Blood Vessel Segmentation and Analysis

Blood Vessel Segmentation and Analysis2019-09-11T14:13:47-05:00

Overview

Imaging of the blood vessel networks that make up the human vasculature is of great importance in understanding various human diseases such as peripheral vascular disease, ophthalmology and the study of the retina, and cancer. The analysis of blood vessels from traditional histopathology slides is difficult and cumbersome, since only small portions of blood vessels are visible in each slide. The use of flat-mounts (e.g. retina) or whole-mounts with tissue clearing techniques and imaging with confocal microscopy allows for interrogation of the entire tissue region, and visualization of the complete vasculature within the intact tissue sample. Quantitative analysis of blood vessel networks can be a difficult task, requiring sophisticated image processing techniques to evaluate and extract quantitative data.

Visikol offers a suite of services for the quantification and analysis of blood vessels and vascular networks within flat-mounts or whole-mounts using tissue clearing and confocal microscopy. With a specialization in blood vessel networks of the retina, our team of experts at Visikol can evaluate and quantify many aspects of the vascular networks in your tissues of interest.

Read an article about quantification of blood vessels in placenta tissue, contributed to by our scientists

Protocol

InstrumentThermoFisher CX7-LZR
Leica SP5
Alternatively clients can provide imaging data from any imaging modality
Analysis MethodConfocal Imaging
Widefield fluorescence
MarkersImmunolabeling for CD31
Other vessel markers available on request
Sample SubmissionWhole Tissue fixed and stored in PBS with 0.05% azide
Flat mount retina or ocular tissue
Pre-stained and mounted slides
Digitized slide images (confocal, OCTA, FITC-angiography, etc.)
Imaging Parameters10X, 20X, 40X magnification
Image Analysis Vessel area/volume quantification
Quantification of branch length and frequency (optional)
Quantification of tortuosity (optional)
Vessel orientation analysis (optional)
Data DeliveryWhole Slide Images in RGB format, ROI masks
Data tables containing quantitative data
Histograms of branch lengths, tortuosity, orientations
Statistical analysis
Other quantification strategies available on request

General Procedure

  1. Tissue sample is transferred to Visikol in PBS w/ 0.05% azide or in a form most appropriate for the customer (e.g. FFPE, OCT compound).
  2. Alternatively, mounted and stained slides or digitized images of IHC sections can be sent for analysis.
  3. The sample is processed, sectioned, and stained using immunohistochemistry techniques.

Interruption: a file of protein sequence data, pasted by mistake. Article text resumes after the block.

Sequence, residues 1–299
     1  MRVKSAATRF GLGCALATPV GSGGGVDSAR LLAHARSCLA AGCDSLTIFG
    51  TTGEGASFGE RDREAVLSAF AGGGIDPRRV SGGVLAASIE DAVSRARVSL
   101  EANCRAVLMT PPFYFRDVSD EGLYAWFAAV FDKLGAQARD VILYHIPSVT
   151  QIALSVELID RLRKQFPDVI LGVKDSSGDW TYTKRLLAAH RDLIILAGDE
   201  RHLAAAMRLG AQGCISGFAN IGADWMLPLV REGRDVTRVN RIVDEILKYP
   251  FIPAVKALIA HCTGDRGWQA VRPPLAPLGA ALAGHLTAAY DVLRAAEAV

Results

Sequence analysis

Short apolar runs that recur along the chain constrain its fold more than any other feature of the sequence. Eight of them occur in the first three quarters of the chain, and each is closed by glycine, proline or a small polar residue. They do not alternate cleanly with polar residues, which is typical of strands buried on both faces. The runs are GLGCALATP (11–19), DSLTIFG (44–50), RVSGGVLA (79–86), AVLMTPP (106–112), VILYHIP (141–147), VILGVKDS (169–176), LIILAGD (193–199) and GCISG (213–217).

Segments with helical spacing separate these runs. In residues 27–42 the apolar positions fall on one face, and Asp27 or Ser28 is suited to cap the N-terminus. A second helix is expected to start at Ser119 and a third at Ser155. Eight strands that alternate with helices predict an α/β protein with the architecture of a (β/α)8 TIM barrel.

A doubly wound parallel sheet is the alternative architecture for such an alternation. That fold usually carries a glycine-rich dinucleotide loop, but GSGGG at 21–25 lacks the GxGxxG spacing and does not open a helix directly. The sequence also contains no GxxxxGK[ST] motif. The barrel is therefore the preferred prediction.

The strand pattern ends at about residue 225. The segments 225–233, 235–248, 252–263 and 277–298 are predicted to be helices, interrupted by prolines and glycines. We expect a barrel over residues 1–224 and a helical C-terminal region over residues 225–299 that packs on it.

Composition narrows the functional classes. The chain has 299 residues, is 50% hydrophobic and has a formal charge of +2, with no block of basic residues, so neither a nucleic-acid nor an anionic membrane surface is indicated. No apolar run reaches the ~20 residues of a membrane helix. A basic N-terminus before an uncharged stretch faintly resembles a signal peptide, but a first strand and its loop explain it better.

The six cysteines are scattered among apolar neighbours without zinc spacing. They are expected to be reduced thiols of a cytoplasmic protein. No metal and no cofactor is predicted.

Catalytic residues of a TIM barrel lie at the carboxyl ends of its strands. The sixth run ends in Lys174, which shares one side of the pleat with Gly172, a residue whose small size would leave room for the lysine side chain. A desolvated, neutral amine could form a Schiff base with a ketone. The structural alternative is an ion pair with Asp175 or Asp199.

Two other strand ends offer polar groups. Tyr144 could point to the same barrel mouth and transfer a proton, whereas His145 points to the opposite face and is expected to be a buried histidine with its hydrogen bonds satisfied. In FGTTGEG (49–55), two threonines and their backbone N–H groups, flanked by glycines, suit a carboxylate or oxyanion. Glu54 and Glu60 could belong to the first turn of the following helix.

4. The sample slides are imaged with high-throughput slide scanner at desired magnification.
  5. The images are then processed and analyzed according to customer specifications.
  6. Images and quantification report are then transferred to the customer.

Representative Data: Analysis of Blood Vessel Network in Rabbit Retina

Figure 1. Whole flat-mount rabbit retina, labeled with CD31. Blood vessel structures segmented by curvature analysis.

Figure 2. Retina blood vessels and segmentation mask

Figure 3. Analysis of blood vessel orientation in rabbit retina. Orientation color key in top left of colormap image.

Representative Data: Analysis of blood vessel networks in Alzheimer’s Disease model mice

With two recent high-profile failures of promising treatments to Alzheimer’s Disease (AD) in Phase III clinical trials (Bapineuzumab, Solanezumab) which targeted amyloid β plaques occurring in AD, there has been a revival of basic research toward new targets and pathologies relevant to the disease. Toward these efforts, there has been much interest in examining the roles of inflammation and the roles of blood vessel networks in contributing to AD. It is believed that changes in and damage to blood vessel networks in the brains of AD patients contribute to AD-related dementia.

Quantification of changes in the tortuosity of blood vessel networks in AD mouse models was conducted utilizing immunolabeling and 3D imaging of 1 mm mouse brain sections. Reconstruction of the blood vessel network in 3D allowed for analysis of branching patterns and branch length, which provided quantitative measures of alterations in the blood vessel networks in the triple transgene 3xTg AD mouse models compared to BALB/cJ mouse brains.

Tortuosity is a measure of how curved a blood vessel is, calculated for this work as the ratio of the branch length to the distance between the branch’s endpoints. Increasing tortuosity results in less efficient blood flow through the vessels, since more linear distance must be traveled to reach the endpoint of a vessel. The average blood vessel tortuosity in the brain of mice is approximately 1.2, meaning that the ratio of the branch length to the distance between the ends of the branches is approximately 5 to 4. Significant differences in the blood vessel network were detected between BALB/cJ and 3xTg mouse models.

Figure 4. Histogram depicting distribution of branch length of blood vessels in mouse model brains

Figure 5. Histogram depicting distribution of tortuosity, defined as the ratio of branch length to distance between the endpoints, of blood vessels in mouse model brains

A similar approach has been applied in the investigation of villous blood vessel networks in human placenta. It is thought that changes in the blood vessel network of placentae can contribute to complications during pregnancy such as pre-eclampsia and eclampsia, and utilizing immunolabeling and tissue clearing, quantitative analysis of blood vessel networks in portions of human placenta tissue were examined. This work has been published in JoVE (https://www.jove.com/video/57099/three-dimensional-rendering-analysis-immunolabeled-clarified-human).

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